Positive changes were noted in the different grades on campus very quickly. Classes were no longer limited by the very slow pace in which grammar is taught in a traditional program. In most languages the irregular verbs are the most commonly used and the most needed in conversation. For example, students traditionally learn “reflexive verbs” very late in Spanish 1 or even Spanish 2, which they typically didn’t get until Junior High. Now, High Point 4th graders learn “reflexive verbs.” They don’t know they are called “reflexive verbs” or what the grammar rules are behind them. But students learn that’s what sounds right, and that’s how you say it. Mrs. Collard watched as students easily became very comfortable with high frequency verbs. Since starting the CI system, High Point’s 4th, 5th, and 6th graders are now using words and grammar that 8th graders, who had been taught in the old style, had not mastered.

Students are confident in their comprehension skills (both reading and listening). They don’t freeze up and quit when they hear a word they don’t understand. They also aren’t paralyzed by saying things “wrong.” With the constant conversation and chatting in class, they feel comfortable enough to try and are able to make mistakes and move on without being so embarrassed. The point is communication. They learn and become okay with the fact that mistakes are going to happen.

As with most good instruction the program has built in differentiation. Every student is capable of learning the three target structures of the week, and the students who are ready will be able to absorb more vocabulary from the reading, conversations, and activities. Students who are new to school usually catch up within the first couple of months of the school year with no problem. It’s actually a fun way to teach as all input is accompanied by lots of gesturing, acting out, and “circling” (repetition).

Success Stories:

Success is getting a student who normally would not ever speak in class to participate. Sometimes a student can be overwhelmed, refusing to engage and simply giving up. Breakthrough comes when they have the tiniest bit of success. During a lesson they are able to translate a sentence, answer a question, or be an actor in a story. They suddenly become hooked on participating. The process is such that language can be sold to even the most skeptical client without them even realizing it. Once students learn that they CAN do it, they’re all in and success is theirs.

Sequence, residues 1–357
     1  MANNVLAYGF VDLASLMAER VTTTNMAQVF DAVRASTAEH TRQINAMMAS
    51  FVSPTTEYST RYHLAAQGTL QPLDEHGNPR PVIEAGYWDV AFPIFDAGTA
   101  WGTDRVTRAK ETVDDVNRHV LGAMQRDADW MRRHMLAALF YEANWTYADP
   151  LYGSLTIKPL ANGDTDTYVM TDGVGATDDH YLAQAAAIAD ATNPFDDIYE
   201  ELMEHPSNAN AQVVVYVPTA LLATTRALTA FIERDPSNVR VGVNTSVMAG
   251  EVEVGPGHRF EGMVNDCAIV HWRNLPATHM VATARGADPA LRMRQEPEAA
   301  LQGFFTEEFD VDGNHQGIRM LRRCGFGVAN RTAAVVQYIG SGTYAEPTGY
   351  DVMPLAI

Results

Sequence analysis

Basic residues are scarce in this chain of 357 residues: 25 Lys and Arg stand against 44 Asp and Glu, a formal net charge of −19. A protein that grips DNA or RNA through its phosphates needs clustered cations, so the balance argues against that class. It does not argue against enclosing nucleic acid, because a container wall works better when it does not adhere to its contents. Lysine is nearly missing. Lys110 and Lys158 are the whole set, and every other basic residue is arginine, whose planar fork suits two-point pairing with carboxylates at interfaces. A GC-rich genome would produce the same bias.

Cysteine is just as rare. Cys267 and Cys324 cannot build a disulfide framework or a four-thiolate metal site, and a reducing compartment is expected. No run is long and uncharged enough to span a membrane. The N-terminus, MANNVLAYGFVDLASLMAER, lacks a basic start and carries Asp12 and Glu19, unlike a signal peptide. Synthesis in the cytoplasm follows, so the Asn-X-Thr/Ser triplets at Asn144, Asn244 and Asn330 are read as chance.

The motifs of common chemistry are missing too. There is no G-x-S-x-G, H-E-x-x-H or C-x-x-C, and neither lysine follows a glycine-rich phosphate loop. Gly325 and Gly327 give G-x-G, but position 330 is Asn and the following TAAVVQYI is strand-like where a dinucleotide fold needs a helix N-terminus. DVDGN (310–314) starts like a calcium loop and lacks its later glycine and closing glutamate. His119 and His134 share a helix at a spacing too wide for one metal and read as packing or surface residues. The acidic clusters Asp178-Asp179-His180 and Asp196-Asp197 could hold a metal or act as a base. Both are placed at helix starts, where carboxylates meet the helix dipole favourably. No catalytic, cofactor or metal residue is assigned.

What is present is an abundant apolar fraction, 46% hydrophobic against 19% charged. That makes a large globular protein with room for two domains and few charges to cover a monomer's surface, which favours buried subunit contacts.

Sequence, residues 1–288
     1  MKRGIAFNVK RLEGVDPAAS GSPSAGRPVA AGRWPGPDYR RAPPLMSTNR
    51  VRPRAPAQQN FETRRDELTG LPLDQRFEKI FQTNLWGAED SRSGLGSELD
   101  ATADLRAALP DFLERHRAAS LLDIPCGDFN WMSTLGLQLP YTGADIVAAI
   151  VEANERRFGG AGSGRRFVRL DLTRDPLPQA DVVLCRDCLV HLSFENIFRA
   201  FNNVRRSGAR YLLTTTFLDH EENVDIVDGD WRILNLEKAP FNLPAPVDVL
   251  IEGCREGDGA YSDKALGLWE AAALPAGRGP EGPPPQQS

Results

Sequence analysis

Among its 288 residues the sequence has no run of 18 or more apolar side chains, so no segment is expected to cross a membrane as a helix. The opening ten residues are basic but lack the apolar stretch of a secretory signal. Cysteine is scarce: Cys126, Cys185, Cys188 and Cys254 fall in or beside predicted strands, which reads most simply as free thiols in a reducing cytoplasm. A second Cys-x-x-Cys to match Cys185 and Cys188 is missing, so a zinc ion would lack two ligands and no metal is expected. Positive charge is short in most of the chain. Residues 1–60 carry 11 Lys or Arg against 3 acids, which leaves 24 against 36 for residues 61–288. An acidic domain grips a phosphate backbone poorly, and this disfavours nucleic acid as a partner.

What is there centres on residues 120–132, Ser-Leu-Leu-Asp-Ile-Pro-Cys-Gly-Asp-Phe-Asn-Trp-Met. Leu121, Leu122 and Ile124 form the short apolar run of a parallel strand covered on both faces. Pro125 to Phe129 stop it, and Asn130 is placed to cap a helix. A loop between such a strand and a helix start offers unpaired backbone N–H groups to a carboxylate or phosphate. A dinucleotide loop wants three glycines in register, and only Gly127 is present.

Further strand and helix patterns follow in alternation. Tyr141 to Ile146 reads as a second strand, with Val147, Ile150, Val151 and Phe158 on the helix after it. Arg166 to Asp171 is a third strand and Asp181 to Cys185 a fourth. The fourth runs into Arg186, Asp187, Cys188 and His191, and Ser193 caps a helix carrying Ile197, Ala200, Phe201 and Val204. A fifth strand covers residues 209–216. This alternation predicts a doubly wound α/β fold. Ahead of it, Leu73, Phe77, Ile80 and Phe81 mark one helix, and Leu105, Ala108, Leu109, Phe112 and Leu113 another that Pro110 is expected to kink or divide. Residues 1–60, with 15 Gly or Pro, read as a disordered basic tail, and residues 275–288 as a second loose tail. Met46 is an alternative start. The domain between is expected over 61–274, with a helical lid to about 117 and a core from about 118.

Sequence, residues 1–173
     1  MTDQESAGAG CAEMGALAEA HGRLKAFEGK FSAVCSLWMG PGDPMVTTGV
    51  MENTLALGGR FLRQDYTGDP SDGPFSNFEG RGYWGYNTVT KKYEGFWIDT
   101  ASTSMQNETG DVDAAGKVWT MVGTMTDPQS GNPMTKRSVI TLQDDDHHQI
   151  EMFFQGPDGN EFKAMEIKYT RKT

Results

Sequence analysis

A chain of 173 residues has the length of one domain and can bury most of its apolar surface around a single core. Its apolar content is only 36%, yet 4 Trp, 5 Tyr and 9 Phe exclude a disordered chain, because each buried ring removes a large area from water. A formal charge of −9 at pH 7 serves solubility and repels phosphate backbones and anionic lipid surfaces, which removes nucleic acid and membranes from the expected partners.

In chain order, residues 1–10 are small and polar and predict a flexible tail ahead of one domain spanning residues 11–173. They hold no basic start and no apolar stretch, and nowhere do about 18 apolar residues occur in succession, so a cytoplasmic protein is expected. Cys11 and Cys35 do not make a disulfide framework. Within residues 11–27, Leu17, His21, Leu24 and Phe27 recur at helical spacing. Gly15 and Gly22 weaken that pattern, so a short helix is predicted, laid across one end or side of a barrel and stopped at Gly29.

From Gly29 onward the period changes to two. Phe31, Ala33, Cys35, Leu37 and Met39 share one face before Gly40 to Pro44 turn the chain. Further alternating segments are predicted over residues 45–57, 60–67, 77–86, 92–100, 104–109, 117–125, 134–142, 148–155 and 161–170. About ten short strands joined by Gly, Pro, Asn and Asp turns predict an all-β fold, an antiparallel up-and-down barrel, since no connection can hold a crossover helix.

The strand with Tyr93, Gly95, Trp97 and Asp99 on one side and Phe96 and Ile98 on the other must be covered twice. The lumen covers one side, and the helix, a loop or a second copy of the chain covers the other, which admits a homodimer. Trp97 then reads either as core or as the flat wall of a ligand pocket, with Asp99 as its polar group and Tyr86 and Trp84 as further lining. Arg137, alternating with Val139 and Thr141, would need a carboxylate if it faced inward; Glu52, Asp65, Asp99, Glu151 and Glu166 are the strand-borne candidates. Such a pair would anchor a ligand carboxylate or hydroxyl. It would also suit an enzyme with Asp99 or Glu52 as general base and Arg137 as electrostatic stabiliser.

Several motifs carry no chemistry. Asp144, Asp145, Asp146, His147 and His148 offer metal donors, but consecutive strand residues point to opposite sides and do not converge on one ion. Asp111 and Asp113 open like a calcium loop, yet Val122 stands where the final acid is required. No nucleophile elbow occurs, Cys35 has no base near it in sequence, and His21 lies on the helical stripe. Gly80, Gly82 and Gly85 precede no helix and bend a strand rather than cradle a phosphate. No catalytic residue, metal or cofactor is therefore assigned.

Parents

In order to make a successful transition to a new style of instruction, the teachers decided to demonstrate it to the parents. A Parent Night was held specifically for a presentation on CI and why High Point Academy was making the change. A demonstration lesson was part of the evening’s presentation. The teachers ran the parents through a Spanish class lesson. Parents were engaged and interested. They loved learning about the new teaching style. The presentation was so successful it is still being given to 7th grade parents at Back-to-School Night, each year.

Using CI to instruct students in the languages is now the norm for High Point Academy. Students, parents, and teachers are happily engaged in this new process. It has brought success to the students and excited the rest of the community.

Teachers are happier and more excited to teach. Students are learning in a more experiential and joyful manner, which aligns with High Point’s mission-to awaken the joy of learning in every child. Here is what one student, Andrew K. shared about his experience.

For me, personally, I feel that the new TPRS Spanish program helped me greatly. Ever since kindergarten, I have attended High Point; however, in 5th grade, I left to attend public school and missed 6th grade. At public school, I did not have Spanish class. When returning to High Point in 7th grade, I was worried my Spanish skills would not be up to par with the other students, and I would not understand the class. However, the new system helped me catch up to the other students without being too stressful or overwhelming. It also helped me greatly with my conversational and writing skills. The new system also found ways for us, the students, to learn Spanish through activities, skits, and much more.” – Andrew K., 8th Grade Student

“Students are deeply engaged in learning a language the way a language is naturally supposed to be learned.  Students are not simply mindlessly memorizing a list of vocabulary words.  They are conversing in Spanish, reading books in Spanish, writing stories in Spanish.  Learning a language is a joyous experience!”  – Gary Stern, Head of School, High Point Academy.